Yes, I am jealous of your books

My friend Julie Hammerle from the Hammervision blog announced that her first novel is being published. I’m happy and excited for her. But, yes, I am also a little jealous and not just of Julie.

There is a whole list of ChicagoNow bloggers who are also book authors. You can see the list here. The list is so long you have to click “Read next page” three times to see them all.

And I don’t only know authors from ChicagoNow. My friend Robert Isenberg has written multiple books. I think my friend Kevan Yenerall was the first person I knew in real life to publish a book (which has now had multiple editions). I’m sure I know a few others.

As someone who loves to read and values books I think it is rockstar-cool that I know so many authors, but yes, I am jealous of their books.

Maybe it’s not jealousy. Maybe it’s more frustration. Knowing all these authors takes away the excuse illusion that writing a book and having it published is an unlikely achievement.

I was in a class where we had to interview the person next to us using a set list of questions. One was “What is something you haven’t done that you would you be truly proud of if you were able to accomplish it?”

I did not hesitate. I said, “Writing and publishing a book.”

My partner then asked an understandable follow up question, “What type of book?”


That’s one of the things keeping me from MY BOOK. I don’t have a specific idea for a book. I just like writing, and I write about a lot of things and in a lot of different styles.

If you’ve read this blog for a while you know that I write fiction, computer security primers, plays, and lists. I write silly things and personal things. Sometimes I even rhyme. What type of book I would write would probably depend a lot on the mood I was in on the day I started it.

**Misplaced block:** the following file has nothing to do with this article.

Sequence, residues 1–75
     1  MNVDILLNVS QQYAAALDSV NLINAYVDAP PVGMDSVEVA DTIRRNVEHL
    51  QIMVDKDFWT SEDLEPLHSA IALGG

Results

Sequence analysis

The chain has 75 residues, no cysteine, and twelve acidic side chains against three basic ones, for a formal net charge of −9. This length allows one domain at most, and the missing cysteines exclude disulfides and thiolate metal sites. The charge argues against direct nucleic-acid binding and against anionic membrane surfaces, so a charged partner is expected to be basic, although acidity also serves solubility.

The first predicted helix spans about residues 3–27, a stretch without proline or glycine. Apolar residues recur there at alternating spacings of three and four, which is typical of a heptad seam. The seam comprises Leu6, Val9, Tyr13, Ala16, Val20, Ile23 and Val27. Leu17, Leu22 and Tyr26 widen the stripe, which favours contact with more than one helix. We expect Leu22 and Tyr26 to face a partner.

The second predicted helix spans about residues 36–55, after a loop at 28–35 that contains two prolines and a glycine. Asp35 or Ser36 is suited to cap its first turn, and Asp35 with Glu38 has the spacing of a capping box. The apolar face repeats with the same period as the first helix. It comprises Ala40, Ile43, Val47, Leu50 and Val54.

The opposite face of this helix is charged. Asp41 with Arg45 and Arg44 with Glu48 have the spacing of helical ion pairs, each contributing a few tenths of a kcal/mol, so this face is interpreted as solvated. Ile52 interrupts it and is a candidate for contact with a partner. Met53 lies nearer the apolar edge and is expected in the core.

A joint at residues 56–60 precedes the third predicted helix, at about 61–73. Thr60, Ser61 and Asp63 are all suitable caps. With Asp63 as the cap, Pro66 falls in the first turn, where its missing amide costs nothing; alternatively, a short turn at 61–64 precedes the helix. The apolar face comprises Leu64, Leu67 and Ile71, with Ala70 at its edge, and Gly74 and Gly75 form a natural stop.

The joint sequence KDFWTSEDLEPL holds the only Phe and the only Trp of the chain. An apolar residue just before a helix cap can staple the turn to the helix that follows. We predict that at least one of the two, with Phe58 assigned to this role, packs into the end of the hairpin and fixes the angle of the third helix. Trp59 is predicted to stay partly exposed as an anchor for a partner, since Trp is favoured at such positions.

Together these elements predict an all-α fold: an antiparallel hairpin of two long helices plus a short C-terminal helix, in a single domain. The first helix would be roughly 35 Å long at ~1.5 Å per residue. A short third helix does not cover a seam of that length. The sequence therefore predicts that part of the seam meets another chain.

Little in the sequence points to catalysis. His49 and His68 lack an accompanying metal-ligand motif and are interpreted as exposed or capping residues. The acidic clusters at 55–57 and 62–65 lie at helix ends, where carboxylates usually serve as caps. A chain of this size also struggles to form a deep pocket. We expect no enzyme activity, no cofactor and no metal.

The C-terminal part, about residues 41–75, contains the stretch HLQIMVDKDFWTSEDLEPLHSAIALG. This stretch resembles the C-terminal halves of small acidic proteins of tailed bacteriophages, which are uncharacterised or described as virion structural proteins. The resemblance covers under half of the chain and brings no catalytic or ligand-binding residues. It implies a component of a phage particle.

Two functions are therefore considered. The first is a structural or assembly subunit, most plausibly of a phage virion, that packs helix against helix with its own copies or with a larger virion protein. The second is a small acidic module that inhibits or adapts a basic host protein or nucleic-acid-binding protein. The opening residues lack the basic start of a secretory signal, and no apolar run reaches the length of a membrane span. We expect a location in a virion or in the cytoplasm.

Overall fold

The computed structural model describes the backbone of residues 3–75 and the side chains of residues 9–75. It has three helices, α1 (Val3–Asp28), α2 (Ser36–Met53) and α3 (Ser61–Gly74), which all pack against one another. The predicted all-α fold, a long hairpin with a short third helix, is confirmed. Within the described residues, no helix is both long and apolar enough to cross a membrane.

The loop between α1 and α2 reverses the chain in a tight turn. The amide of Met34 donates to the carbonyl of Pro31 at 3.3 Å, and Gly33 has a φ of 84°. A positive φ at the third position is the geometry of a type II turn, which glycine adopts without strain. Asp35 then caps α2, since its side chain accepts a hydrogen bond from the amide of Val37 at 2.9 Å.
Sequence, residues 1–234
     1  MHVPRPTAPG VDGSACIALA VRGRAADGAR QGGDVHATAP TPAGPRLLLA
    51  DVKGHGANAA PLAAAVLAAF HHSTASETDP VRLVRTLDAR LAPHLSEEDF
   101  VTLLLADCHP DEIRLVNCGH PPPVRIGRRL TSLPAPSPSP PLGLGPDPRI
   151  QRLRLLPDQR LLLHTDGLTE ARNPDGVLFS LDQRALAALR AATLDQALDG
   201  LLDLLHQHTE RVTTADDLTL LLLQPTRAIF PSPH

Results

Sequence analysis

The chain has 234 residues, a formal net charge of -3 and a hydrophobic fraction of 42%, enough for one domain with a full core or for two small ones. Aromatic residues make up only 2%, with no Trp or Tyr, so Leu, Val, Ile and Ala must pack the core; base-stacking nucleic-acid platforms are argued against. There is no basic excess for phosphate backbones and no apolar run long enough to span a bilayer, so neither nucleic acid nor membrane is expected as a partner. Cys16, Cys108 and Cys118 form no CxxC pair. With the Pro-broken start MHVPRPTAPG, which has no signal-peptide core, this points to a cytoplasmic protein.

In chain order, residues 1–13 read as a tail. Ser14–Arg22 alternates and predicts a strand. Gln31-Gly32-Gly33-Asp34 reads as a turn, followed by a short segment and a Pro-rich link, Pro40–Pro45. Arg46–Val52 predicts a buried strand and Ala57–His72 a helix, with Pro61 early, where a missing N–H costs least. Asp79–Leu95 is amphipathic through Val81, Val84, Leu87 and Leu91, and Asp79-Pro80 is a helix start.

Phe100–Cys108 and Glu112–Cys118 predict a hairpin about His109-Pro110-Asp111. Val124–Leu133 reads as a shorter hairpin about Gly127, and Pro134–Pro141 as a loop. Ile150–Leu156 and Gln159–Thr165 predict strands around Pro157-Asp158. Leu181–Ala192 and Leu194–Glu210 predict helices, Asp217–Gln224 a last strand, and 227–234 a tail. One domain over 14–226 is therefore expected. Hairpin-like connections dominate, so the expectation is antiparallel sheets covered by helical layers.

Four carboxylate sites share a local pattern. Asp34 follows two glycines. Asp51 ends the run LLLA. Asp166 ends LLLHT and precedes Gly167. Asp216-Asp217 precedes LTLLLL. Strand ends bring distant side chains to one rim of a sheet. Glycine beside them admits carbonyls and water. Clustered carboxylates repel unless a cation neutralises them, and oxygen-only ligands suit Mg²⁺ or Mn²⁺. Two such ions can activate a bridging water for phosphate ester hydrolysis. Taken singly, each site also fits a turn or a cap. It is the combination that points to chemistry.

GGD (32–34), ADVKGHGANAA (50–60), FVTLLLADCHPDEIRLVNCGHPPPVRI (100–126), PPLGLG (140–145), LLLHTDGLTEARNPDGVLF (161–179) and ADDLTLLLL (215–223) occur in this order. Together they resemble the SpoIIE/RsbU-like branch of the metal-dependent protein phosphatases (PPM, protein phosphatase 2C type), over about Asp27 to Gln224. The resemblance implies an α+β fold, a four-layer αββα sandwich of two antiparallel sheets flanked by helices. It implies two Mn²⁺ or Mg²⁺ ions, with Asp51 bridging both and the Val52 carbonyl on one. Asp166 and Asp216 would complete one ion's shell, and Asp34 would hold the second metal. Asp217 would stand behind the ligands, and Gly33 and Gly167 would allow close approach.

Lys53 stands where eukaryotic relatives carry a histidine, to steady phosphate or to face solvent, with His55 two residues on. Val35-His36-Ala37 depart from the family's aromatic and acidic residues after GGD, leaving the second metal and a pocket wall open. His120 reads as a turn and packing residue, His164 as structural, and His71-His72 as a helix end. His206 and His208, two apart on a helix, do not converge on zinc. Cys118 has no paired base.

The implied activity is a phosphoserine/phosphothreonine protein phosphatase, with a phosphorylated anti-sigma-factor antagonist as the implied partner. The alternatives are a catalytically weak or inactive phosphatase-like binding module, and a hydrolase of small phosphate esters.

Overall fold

Even if I decided on a topic and genre, I see another challenge with writing a book: Books tend to be rather long.

I’ve written a few full-length plays, but those are only about 90-100 pages even in a script format that includes lots of white space. Plus, I tend to prefer writing one-act plays, which are far shorter.

The longest thing I’ve written in paragraphs was my master’s thesis. That was 90 pages long, and I worked on it intensely for 6 months. It was tons of work, which makes me wonder…

What if writing a book and having it published isn’t just the thrill of holding your book in your hands? What if it isn’t just author events and taking pictures of your book on bookstore shelves? What if writing a book and having it published is actually a lot of work?!

Crap. I think it must be.

I guess I should trade in all that jealousy for admiration. Congratulations, book-writing people, what you did is a big deal. Truly.

But don’t give up on me. Perhaps I will write a book too. It will be about [something], and I’ll be done with it [someday].

It will probably be short.

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Kim Z. Dale writes short things often on Twitter, sometimes on Facebookand rarely on Google+.

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